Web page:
Yesterday was a busy day for me so I am not sure how much attention this got but Japan recorded its first trade deficit since 1980. Japan has always exported a ton of stuff and imported all of its oil. The earthquake on March 11, 2011 shut down the nuclear industry and so now the country needs to import more for all its energy needs, so much so that it caused the trade deficit.
This article from the Telegraph makes the case for the trade deficit to persist which can’t be huge shock given the state of the nuclear industry there. The back drop for Japan has been poor for many years and I have thought this would continue to be the case long into the future even before the earthquake.
Japan has always been an interesting destination. It seems like every year, maybe not 2012 though, there is a contest for market pundits to come out and say that this is the year that Japan finally turns it around. There have been years here and there where Japan has done well but it never turned it around.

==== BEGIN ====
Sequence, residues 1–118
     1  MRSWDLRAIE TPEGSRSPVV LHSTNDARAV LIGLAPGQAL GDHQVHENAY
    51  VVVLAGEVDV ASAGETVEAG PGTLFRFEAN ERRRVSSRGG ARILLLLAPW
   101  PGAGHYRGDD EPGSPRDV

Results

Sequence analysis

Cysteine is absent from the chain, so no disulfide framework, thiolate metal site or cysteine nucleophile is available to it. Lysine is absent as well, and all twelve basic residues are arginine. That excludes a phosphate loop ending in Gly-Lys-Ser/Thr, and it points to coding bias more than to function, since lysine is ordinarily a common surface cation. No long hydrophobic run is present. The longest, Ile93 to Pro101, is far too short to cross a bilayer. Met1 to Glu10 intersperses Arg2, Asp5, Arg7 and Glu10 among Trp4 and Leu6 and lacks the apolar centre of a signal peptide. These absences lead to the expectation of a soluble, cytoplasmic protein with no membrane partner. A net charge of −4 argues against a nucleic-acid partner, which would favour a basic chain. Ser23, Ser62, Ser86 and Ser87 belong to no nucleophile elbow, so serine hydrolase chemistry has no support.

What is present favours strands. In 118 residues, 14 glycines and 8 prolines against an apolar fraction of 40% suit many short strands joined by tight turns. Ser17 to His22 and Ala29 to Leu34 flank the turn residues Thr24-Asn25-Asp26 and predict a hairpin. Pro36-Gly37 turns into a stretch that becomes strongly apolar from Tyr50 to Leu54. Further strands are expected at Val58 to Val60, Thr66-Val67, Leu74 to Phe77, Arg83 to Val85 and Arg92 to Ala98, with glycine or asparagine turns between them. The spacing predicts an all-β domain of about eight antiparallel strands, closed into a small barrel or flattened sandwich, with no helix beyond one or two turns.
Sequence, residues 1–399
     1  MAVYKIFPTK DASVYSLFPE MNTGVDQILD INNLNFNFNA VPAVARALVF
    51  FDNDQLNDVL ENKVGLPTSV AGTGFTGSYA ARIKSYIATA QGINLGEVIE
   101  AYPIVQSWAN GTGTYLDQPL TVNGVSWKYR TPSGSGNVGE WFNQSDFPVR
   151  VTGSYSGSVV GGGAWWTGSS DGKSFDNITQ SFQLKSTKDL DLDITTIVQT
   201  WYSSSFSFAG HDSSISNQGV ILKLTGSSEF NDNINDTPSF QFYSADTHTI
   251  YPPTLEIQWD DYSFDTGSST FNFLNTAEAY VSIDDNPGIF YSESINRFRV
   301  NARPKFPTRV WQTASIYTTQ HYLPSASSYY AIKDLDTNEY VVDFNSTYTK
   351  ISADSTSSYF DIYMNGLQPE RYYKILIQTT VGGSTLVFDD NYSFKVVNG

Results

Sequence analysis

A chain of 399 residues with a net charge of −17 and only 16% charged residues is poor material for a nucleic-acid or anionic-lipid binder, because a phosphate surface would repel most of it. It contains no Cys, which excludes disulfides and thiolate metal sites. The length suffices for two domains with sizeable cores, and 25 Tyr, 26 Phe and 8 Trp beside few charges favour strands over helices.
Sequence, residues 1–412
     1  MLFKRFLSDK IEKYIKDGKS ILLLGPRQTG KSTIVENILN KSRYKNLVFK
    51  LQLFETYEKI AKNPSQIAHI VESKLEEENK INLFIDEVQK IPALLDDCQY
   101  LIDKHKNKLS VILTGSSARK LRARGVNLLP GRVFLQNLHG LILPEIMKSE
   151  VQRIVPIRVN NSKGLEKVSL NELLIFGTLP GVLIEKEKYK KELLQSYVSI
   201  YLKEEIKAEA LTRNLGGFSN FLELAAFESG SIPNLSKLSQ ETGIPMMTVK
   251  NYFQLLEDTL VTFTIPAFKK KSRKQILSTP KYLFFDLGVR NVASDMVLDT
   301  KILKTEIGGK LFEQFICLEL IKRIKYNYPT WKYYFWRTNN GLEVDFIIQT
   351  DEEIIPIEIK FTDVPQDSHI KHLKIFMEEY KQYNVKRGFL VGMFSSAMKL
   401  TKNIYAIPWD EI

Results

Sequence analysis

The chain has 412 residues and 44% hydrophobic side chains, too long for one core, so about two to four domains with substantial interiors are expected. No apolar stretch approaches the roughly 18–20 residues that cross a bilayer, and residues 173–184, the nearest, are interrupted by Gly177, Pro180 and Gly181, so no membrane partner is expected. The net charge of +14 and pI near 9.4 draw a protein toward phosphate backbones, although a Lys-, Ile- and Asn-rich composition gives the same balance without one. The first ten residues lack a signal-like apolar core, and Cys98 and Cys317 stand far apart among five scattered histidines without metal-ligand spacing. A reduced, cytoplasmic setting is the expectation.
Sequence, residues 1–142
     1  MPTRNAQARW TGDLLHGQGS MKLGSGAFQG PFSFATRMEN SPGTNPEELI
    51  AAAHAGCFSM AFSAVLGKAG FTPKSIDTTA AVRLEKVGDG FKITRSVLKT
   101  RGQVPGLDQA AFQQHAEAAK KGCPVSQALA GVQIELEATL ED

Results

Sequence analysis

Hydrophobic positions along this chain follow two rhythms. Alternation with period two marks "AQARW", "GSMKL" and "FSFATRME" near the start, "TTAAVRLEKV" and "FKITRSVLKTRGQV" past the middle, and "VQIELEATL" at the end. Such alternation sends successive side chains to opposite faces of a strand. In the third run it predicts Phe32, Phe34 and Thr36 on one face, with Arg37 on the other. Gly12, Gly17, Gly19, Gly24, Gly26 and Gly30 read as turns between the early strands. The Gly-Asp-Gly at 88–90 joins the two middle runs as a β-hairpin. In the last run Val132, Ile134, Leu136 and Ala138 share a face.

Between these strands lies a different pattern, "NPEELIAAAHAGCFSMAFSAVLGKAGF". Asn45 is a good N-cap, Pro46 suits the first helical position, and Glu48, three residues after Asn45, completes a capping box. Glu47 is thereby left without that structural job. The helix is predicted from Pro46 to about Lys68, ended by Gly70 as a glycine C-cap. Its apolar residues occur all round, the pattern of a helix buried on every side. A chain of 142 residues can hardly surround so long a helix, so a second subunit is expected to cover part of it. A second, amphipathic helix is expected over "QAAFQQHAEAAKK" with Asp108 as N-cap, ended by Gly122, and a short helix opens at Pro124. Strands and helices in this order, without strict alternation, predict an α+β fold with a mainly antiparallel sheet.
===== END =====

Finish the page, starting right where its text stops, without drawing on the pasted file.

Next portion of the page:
The problems with Japan appear to include an aging population, an enormous debt load and they seem to be getting undercut on manufacturing. The generally poor results, I believe, reveal a long term weighing of the fundamental backdrop with the conclusion being there is no visibility for a sustainable recovery. The Nikkei is down 76% from its high 22 years ago. That is a mind boggling nugget and the market is still not cheap. I remember from 1990 Japan’s PE ratio being in the 50s and according to the iShares website the iShares Japan ETF (EWJ) has a PE ratio of 18.
PE ratios aren’t necessarily a great predictor of future prices the combination of being relatively expensive (again, relying on iShares for this) and lousy economic fundamentals leaves little to be optimistic about. Simple avoidance of this type of trouble spot remains the path of least resistance.